26      The applicants in the main proceedings appealed against that order, seeking to have it reversed and a declaration that the local court had jurisdiction to hear the case. In that connection, the order for reference states that, in support of their appeal, the applicants in the main proceedings deny having sought a declaration that their mortgage loan agreement contains an unfair term and a decision that their case should be referred back to the county court.
 
27      The referring court states that, pursuant to Paragraph 239(1)(k) of the Civil Procedure Code, a consumer may seek a declaration that a term, such as that at issue in the main proceedings, in a standard contract is unfair only before a county court, whereas the same consumer, as a defendant in an action brought by the seller or supplier before a local court, may raise an objection seeking a declaration that that term is unfair.
 
28      Depending on the thresholds applicable which correspond to the value of the dispute, proceedings brought by a consumer for a declaration of invalidity of a standard contract on other grounds are likely to fall within the jurisdiction of the local court. According to the referring court, it would be sensible for the local court to also be able to rule on the application for a declaration of invalidity of unfair terms in the same contract.
 
29      Finally, the referring court considers that the referral of the consumer to the county court may place him at a disadvantage, in particular because the rule in Paragraph 23(1)(k) of the Civil Procedure Code results in higher procedural costs. Such a situation is liable to jeopardise the attainment of the objectives pursued by Directive 93/13.
 
30      In those circumstances the Fővárosi Törvényszék decided to stay the proceedings and to refer the following questions to the Court of Justice for a preliminary ruling: 
 
‘1.      In proceedings brought before a local court for a declaration of the invalidity of a contract (standard contract terms), in which the consumer also seeks in his application a declaration of the unfairness of a term of the contract at issue in the proceedings, and thereby provides a basis for the jurisdiction of another court, the county court (törvényszék), is there a disadvantage for the consumer, given that, in proceedings brought by the other party to the contract, the consumer can rely on the unfairness of a contract term before the local court, and a transfer to the county court will burden the consumer with higher costs? 
 
2.      Would the situation be more equal if, in proceedings brought by a consumer before the local court for a declaration of the invalidity of a contract, the consumer were able also to rely on the unfairness of a term of the contract, as a result of which that local court would have jurisdiction?’
 
 The questions referred for a preliminary ruling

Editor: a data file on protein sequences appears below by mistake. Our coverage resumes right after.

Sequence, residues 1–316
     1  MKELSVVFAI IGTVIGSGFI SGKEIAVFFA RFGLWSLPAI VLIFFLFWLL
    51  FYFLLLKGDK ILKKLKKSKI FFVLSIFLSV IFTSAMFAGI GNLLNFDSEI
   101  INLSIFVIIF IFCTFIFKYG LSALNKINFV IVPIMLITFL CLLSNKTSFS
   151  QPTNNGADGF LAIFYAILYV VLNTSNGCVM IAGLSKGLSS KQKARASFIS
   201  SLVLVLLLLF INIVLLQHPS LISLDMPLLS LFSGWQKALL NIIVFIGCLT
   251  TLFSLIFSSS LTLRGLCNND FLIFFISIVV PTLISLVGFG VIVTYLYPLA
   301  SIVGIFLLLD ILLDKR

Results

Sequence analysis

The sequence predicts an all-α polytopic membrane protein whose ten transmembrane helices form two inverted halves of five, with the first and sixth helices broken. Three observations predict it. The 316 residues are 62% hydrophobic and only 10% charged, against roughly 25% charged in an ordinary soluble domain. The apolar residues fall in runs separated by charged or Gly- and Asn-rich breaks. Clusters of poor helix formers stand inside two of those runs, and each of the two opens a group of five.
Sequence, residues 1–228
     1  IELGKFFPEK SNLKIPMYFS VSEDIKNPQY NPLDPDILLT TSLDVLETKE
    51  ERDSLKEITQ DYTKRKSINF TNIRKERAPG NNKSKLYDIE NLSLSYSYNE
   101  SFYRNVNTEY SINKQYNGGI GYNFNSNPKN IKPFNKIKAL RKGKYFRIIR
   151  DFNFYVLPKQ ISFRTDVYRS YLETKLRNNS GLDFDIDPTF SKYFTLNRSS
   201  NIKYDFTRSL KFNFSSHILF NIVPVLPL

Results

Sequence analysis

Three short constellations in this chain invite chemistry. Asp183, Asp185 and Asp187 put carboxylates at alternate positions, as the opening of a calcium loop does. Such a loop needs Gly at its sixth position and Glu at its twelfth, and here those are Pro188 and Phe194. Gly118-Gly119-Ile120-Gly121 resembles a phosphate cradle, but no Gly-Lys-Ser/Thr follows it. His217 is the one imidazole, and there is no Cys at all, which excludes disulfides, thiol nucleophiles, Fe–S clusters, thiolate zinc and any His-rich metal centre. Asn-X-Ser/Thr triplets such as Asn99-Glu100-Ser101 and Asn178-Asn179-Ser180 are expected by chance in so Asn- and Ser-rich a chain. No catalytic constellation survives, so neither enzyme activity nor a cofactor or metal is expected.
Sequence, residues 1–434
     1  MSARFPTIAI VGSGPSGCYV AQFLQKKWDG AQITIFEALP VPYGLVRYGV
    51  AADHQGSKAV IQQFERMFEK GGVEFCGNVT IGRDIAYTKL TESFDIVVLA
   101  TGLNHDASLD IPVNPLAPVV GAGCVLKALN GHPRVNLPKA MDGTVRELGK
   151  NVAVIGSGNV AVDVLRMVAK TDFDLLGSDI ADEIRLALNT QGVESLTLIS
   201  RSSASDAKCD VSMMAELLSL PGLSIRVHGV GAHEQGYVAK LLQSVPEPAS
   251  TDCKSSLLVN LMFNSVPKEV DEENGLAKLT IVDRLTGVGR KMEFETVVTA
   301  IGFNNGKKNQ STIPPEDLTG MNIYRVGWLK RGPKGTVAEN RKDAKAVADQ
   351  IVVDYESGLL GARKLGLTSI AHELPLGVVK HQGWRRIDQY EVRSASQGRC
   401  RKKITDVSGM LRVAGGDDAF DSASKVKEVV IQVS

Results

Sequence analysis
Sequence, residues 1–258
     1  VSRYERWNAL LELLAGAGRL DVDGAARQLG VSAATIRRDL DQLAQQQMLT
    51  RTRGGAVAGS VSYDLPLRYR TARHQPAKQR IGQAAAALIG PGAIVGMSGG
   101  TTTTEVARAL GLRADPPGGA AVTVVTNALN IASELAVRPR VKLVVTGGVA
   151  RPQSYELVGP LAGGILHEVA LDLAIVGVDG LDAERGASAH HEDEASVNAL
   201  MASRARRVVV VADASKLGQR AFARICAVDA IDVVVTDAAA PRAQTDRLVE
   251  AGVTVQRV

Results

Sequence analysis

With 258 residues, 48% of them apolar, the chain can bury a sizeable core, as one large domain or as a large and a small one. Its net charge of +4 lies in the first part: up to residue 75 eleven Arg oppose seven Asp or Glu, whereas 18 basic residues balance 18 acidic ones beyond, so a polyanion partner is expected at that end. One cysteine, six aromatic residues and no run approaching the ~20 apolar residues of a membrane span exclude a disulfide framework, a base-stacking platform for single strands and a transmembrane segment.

Preliminary observations 
 
31      It follows from a combined reading of the questions referred and the grounds set out by the referring court that it asks the Court to rule on the compatibility of a national procedural rule with EU law, in particular with Directive 93/13.
 
32      It must be recalled in this respect that, although it is not the task of the Court, in preliminary ruling proceedings, to rule upon the compatibility of provisions of national law or a national practice with the legal rules of the European Union, the Court has repeatedly held that it has jurisdiction to give the national court full guidance on the interpretation of EU law in order to enable it to determine the issue of compatibility for the purposes of the case before it (see judgment in Pannon Gép Centrum, C‑368/09, EU:C:2010:441, paragraph 28 and the case-law cited).
 
33      In those circumstances, and in so far as the doubts of the referring court concern a possible disadvantage to which the application of Paragraph 23(1)(k) of the Civil Procedure Code may give rise for a consumer who relies on rights based on Directive 93/13, it must be held that the questions referred concern the interpretation of that directive, in particular Article 7(1) thereof.
 
 Substance
 
34      By its questions, which it is appropriate to examine together, the referring court asks essentially whether Article 7(1) of Directive 93/13 must be interpreted as meaning that it precludes a national procedural rule according to which a local court with jurisdiction to hear an action brought by a consumer on the invalidity of a standard contract does not have jurisdiction to hear an application from that consumer for a declaration that the contractual terms in that contract are unfair. 
 
35      In that connection, it must be stated at the outset that Paragraph 23(1)(k) of the Civil Procedure Code has given rise to the request for a preliminary ruling in the case which gave rise to the judgment in Jörös, (C‑397/11, EU:C:2013:340).
 
36      In that case, the referring court had asked the Court, inter alia, whether Directive 93/13 should be interpreted as meaning that the national court, hearing a dispute on the validity of terms in a consumer contract, could examine the unfairness of the terms at issue of its own motion and to declare the contract void, even if jurisdiction to declare unfair contractual terms void was attributed to another judicial body in accordance with national rules.
 
37      In paragraph 53 of the judgment in Jörös (EU:C:2013:340) the Court held that Directive 93/13 must be interpreted as meaning that a national court which has, of its own motion, established that a contractual term is unfair must, as far as possible, apply its internal procedural rules in such a way as to draw all the consequences which, under national law, result from a finding that the term at issue is unfair, in order to satisfy itself that the consumer is not bound by that term.